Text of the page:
Coronavirus suddenly seems closer with my friend and neighbour Bridget’s brother hospitalised, and one of he nieces unwell too. Some music just works at these times, and for me Bob Dylan, someone who I like but I wouldn’t say I was his biggest fan, somehow hits the spot. Currently listening to Hard Rain which I have been thinking about since Celia and I were caught in a small hail squall during our constitutional today and Shelter from the Storm from that album began to go round my head. Perhaps a taste of the April showers due to start next week.
Not sure what MasterB was up to while I was out, but he seems unaccountably tired right now. That’s just tired, not knackered. Celia said she was knackered as we neared home. It was a good walk though. I anticipate that we shall shortly be confined much more strictly due to the number of people still behaving as though somehow the current restrictions do not apply to them. With that in mind I suggested a walk to the City so we would see the Thames and St Paul’s. Just typing that makes me realise how much of a Londoner I have become.
We saw both. We also did some shopping. Now for you who don’t know London, the City is the oldest part where the financial centre is, but it has a very small residential population, so at the weekends it is always quiet. Today it was even quieter. We gazed upon empty streets, upon empty buses and buses carrying at most two passengers. Our walk from our homes brought us few sightings of other people. The market at East Lane was closed. Unthinkable for a Sunday.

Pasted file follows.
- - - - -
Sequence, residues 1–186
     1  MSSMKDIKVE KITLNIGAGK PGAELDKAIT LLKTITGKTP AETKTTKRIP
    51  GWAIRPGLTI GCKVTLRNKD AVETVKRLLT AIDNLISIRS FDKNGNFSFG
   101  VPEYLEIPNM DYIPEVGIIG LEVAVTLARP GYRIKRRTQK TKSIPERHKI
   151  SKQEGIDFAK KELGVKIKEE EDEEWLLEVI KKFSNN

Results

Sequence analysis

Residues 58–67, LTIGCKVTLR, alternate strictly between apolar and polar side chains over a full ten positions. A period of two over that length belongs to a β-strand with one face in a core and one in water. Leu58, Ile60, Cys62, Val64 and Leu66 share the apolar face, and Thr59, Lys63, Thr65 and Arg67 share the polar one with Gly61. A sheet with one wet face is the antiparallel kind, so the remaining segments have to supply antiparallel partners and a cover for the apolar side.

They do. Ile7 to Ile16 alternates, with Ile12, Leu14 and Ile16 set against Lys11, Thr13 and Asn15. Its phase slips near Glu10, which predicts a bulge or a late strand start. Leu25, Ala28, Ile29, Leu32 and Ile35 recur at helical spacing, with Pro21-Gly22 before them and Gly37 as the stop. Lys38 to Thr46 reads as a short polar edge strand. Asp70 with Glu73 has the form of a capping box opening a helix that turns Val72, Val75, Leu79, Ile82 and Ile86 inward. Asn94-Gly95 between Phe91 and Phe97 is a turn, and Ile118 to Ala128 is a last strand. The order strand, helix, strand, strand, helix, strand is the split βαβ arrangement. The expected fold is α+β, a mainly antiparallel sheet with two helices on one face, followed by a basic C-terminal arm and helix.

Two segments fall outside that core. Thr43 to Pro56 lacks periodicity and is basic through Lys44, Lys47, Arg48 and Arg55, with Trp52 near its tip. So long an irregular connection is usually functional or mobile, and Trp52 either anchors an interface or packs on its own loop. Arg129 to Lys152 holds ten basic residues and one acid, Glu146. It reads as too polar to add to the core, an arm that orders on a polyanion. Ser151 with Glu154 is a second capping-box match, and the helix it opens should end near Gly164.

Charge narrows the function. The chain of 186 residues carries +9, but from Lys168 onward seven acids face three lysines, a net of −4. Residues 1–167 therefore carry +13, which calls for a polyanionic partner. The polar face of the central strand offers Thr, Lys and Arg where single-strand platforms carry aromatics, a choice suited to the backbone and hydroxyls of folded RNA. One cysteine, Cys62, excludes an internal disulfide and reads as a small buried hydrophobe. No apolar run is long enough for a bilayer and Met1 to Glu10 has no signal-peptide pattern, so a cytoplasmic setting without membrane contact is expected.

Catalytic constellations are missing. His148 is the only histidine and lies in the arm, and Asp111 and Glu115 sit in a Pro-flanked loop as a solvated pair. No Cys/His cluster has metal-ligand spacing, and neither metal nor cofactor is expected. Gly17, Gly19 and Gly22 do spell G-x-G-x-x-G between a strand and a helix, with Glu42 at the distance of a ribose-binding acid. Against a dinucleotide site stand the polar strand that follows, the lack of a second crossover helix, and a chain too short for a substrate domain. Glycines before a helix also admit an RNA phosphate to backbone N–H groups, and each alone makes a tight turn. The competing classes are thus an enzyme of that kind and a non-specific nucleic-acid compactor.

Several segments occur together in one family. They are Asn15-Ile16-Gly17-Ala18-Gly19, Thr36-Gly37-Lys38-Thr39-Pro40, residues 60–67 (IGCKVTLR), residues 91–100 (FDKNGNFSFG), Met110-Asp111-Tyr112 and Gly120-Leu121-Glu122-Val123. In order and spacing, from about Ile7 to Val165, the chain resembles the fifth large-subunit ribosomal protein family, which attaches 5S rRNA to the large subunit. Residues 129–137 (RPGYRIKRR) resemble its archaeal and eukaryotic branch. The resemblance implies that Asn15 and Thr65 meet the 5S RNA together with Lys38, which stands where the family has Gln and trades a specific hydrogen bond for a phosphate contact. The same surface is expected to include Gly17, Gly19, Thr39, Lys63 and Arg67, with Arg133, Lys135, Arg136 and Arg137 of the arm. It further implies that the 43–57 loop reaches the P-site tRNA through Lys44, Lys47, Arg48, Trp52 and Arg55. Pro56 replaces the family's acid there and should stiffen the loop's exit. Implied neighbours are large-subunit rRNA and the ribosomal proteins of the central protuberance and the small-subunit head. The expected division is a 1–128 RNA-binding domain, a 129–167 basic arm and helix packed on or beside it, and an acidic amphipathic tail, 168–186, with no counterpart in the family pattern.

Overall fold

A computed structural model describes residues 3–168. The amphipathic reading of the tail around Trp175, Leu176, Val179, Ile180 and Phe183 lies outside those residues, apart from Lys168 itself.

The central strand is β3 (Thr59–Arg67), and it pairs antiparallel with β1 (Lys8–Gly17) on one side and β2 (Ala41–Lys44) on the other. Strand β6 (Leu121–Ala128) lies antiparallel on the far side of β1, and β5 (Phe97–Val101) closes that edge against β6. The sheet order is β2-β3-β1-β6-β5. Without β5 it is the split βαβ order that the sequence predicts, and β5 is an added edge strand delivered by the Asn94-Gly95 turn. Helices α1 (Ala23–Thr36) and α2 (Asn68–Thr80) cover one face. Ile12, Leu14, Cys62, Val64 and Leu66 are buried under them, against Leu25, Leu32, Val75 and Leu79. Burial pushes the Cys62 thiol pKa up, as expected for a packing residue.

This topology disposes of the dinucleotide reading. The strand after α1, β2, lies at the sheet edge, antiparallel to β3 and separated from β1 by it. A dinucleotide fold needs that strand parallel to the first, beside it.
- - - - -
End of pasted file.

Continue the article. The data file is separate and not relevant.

We crossed an empty London Bridge and looked at a Thames devoid of pleasure craft.
My friend Nadia, who I visited just over a year ago in Wellington, NZ, used to work in Adelaide House, an office block on the north side of the bridge opposite Fishmongers’ Hall. There’s a little Waitrose next door. No queue. I went in, Celia having said she’d like some milk. I was after bread. We have now perfected our shopping technique. Celia stays outside so as to avoid accidental contact with shoppers who appear suddenly round the corner of an aisle. I collect the things she has asked for plus anything I think she might like and return to the entrance where I hold each one up for inspection. I explain to security staff what I am doing. Celia signals yes or no, and the items either go into the basket or back on the shelves.
I waved some hand sanitising wipes at her. Thumbs up. How many? I asked. Two? Her face was a doubtful question. We are being restricted to buying items in ones or twos. They have loads, I said. She held up four fingers. At the till I asked if they has cleaning products as I hadn’t seen any. I knew Celia was after washing liquid. I was directed to a corner of the shop I had avoided on my first sweep as there were people there. I returned to the window with washing liquid and kitchen rolls. Both went into the basket. Buoyed up we continued our walk.
I wondered aloud if M&S on Cheapside might be open. It’s my favourite to place to shop for food if I am working in the City at the weekend. We walked down Laurence Pountmey Hill and gawped at the house that sold a few years ago for £6 million or so. The lights were on. That was my first Property Envy spot on this walk. Only the cost of curtains and carpets consoles me. Though I suppose if I had £6 million I probably shouldn’t be too worried.